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HS5306 The English Reformation and its Medieval Background

[This course is not running in the current academic year]

This course will make a concerted effort to look at, and evaluate, the Reformation, paying as much regard to what was going on before as what emerged in the long-term – ordinarily the longer-term perspective has proved far more dominant, to the detriment of a balanced perspective. Having briefly considered what was done in the 1530s and 1540s, the course will attempt to put these turbulent decades into their own long-term context by outlining the social and political conditions of the fifteenth century. Appropriate attention will be paid to the ‘major’ players of pre-Reformation institutional religion, looking in particular at the role of the monasteries and colleges, and also at parish religion. Individuals, both orthodox and heretical, will be studied, again to derive a better sense of context for the changes that were to come in the sixteenth century. Having prepared the ground, events such as the monastic and collegiate dissolutions, the Pilgrimage of Grace, and the mid Tudor rebellions will be appraised as part of an attempt to gauge the tenor of society in the mid and later sixteenth century, and the part that the Reformation had played in defining the prevailing atmosphere.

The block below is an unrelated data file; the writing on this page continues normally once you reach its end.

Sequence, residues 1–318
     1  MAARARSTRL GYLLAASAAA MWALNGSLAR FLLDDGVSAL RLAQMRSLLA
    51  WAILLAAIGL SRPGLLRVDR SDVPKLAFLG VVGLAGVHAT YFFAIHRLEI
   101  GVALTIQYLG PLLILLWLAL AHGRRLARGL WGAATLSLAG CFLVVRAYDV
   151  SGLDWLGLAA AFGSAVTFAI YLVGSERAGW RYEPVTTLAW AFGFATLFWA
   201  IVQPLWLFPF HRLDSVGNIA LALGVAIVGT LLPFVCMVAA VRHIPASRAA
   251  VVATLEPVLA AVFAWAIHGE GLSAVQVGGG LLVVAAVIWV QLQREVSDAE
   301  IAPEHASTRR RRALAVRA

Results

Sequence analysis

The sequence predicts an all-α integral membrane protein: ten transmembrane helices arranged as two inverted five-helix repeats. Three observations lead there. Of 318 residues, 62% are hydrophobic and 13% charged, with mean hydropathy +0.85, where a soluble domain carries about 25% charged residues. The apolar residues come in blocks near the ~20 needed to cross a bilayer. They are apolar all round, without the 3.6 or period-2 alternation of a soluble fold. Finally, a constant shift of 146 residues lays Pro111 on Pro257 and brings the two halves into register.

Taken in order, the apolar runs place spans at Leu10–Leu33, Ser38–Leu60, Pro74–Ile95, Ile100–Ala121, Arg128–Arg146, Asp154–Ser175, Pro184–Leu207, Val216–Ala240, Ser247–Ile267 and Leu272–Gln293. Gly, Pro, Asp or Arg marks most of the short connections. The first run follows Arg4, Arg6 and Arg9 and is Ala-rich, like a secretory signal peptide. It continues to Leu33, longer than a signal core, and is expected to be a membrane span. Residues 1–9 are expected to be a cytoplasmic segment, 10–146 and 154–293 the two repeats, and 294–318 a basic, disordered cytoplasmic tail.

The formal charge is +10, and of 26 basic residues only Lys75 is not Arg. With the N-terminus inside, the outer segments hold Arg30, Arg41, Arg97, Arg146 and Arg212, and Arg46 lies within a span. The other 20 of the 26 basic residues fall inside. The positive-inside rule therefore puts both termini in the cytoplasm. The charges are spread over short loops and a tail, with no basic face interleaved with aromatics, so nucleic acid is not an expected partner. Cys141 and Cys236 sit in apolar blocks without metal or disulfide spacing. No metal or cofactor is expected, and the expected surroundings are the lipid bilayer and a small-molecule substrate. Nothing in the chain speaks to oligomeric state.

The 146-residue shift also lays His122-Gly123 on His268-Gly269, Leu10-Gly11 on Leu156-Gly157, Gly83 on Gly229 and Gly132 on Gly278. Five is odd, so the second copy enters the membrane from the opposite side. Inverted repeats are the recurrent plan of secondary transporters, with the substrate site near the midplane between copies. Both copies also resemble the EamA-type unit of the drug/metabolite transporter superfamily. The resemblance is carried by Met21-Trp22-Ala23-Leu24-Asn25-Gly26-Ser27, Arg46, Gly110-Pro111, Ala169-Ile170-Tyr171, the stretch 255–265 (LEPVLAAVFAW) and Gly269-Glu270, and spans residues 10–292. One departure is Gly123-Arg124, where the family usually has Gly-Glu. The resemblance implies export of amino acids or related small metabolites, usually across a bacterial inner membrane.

Introductory Reading:

Swanson, R., Church and Society in late Medieval England (Oxford, 1989).

Duffy, E., The Stripping of the Altars (New Haven and London, 2nd edn., 2005).

Haigh, C., English Reformations (Oxford, 1993).

Heath, P., Church and Realm (London, 1988).

Rex, R., The Lollards (Basingstoke, 2002).

Glasscoe, Marion, English Medieval Mystics: Games of Faith (London: Longman, 1993)

Clark, J., The Religious Orders in Pre-Reformation England, (Woodbridge, 2002).


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